- Produce a document (strategic plan)
- Link to annual work plans and the annual budget
Look at strategic planning as an opportunity. Your plan should encompass the nonprofit’s mission, purpose, values and reason for being. A planning cycle may include reviewing your current plan and metrics, then doing an environmental scan, stakeholder analysis or surveying donors to see how you are doing. Take a look at your goals and make sure your initiatives line up to those goals. Consider doing a competitive analysis or business model analysis. From there look at organizational and leadership capacity and draft a plan that is relevant and intentional – and monitor progress.
Sustainability: How does a nonprofit stay relevant in an ever-changing world?
Organizing for successful fundraising takes time and planning and board members need training and resources to get involved. This training should include a clear understanding of the purpose or why of the nonprofit, of the programs and structure of the nonprofit and the benefits of making a gift. Board members can feel nervous about asking for money for many reasons including the fear of rejection or reciprocity, a lack of staff support and preparation or perhaps they haven’t made their own gift. If board members fully understand the mission and go into fundraising on behalf of the people they are trying to serve, the fundraising process should be fairly straightforward.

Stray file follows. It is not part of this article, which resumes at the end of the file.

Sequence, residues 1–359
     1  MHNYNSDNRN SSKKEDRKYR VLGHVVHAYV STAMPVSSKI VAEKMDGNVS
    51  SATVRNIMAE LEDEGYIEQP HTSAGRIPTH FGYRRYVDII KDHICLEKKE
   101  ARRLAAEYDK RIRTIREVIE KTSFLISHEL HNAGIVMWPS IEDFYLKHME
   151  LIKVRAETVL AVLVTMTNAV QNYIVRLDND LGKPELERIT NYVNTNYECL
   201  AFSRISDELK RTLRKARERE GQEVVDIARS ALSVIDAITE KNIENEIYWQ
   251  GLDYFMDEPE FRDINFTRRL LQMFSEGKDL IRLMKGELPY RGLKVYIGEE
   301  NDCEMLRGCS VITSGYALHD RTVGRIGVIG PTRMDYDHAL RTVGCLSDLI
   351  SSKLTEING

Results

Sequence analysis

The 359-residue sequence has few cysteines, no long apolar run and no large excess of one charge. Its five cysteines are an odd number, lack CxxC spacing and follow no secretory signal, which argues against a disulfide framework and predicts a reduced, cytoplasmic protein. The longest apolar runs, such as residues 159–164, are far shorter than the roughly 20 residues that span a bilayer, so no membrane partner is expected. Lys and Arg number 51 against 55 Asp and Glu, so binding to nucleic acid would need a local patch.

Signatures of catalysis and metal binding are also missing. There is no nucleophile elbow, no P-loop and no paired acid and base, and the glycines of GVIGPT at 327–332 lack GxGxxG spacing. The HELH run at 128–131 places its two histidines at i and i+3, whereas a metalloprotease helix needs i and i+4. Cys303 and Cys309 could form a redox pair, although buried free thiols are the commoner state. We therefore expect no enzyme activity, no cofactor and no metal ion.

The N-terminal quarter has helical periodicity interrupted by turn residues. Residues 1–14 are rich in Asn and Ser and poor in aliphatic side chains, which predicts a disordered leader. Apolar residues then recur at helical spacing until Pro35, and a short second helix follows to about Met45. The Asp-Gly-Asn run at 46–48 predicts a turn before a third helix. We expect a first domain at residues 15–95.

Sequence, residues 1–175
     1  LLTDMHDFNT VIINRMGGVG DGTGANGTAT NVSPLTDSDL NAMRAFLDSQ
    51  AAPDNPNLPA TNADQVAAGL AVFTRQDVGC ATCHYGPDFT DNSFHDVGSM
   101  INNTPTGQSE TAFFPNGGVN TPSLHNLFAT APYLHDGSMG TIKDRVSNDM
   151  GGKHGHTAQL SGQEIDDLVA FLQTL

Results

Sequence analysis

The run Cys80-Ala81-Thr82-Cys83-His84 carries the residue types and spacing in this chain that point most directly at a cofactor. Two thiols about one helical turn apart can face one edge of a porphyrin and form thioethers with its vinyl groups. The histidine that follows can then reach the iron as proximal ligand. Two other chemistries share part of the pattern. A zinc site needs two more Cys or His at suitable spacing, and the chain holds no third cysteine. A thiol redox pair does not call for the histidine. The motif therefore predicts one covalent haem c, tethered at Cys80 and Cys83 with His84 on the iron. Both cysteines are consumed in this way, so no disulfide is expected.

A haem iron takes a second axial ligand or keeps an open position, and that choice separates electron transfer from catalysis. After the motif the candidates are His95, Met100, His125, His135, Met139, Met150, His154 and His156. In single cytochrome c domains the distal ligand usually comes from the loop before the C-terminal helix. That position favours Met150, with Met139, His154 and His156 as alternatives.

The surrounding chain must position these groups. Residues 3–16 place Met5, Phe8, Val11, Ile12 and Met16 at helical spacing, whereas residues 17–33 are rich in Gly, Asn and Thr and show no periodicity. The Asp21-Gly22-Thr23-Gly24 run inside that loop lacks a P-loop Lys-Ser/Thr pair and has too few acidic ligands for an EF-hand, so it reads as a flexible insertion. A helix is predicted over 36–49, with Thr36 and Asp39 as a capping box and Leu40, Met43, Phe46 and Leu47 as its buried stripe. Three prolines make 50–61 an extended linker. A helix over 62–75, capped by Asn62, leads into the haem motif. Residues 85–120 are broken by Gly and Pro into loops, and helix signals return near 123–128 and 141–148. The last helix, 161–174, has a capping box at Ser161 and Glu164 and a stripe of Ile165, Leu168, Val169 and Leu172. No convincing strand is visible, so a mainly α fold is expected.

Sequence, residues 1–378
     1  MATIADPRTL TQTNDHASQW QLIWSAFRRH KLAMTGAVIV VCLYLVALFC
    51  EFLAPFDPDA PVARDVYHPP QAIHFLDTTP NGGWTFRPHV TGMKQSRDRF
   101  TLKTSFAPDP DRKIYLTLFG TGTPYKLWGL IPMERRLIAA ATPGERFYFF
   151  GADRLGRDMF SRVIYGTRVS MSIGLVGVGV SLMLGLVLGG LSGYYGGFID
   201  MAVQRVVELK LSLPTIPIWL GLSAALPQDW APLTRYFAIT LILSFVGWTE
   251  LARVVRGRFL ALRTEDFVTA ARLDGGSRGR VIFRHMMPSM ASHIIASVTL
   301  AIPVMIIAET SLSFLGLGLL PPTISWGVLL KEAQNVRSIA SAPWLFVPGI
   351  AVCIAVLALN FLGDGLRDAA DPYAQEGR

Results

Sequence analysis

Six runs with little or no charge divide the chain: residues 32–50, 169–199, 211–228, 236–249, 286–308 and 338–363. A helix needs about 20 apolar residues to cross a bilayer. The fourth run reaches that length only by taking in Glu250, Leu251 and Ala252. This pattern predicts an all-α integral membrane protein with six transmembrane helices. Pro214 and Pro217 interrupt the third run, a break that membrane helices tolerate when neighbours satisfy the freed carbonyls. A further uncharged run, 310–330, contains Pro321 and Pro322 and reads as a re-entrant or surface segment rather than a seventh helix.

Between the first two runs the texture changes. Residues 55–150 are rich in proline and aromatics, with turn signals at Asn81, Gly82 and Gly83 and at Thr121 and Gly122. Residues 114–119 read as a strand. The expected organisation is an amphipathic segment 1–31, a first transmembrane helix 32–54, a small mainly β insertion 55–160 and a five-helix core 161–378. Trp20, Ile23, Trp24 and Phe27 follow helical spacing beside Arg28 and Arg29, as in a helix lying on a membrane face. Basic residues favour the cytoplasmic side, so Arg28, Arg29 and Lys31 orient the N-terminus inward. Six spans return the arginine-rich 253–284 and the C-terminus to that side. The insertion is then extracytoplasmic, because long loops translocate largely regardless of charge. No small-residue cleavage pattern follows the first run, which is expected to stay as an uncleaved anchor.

When donors stop giving, they are usually not satisfied with the level of communication they receive from the nonprofit. A Penelope Burt study found that donors want three things from nonprofits to ensure they continue donating:
- 1. Prompt personal acknowledgement of gifts
2. Confirmation that gifts will or are being used as intended
3. Measurable results on how their gifts are effective before being re-solicited
As a nonprofit, board members should be engaged in the cultivation of current and prospective donors and have a clear map for the prospects they are working with. This enables prospects to be assigned to a staff person and/or a board member with a targeted gift level with meetings or visits scheduled out over a year or more. The majority of nonprofit revenue is generated through earned revenue and only 13% is through donated revenue, so don’t overlook earned or socially entrepreneurial sources of funds.
Diversity: Room for boards to grow
Most nonprofits, in general, value diversity and inclusion and through their work intentionally serve diverse people and communities – in fact, around two-thirds of organizations say that diversity is a core value. However, the percentage of people of color on nonprofit boards has not changed in recent years. While 60% of nonprofits serve people of color, a BoardSource survey shows that only 8% of nonprofit board members are minorities and 30% of boards lack a single member of color.
We hope this information helps you navigate the year ahead and build a diverse, strong board that aides in the growth of your nonprofit and overall mission.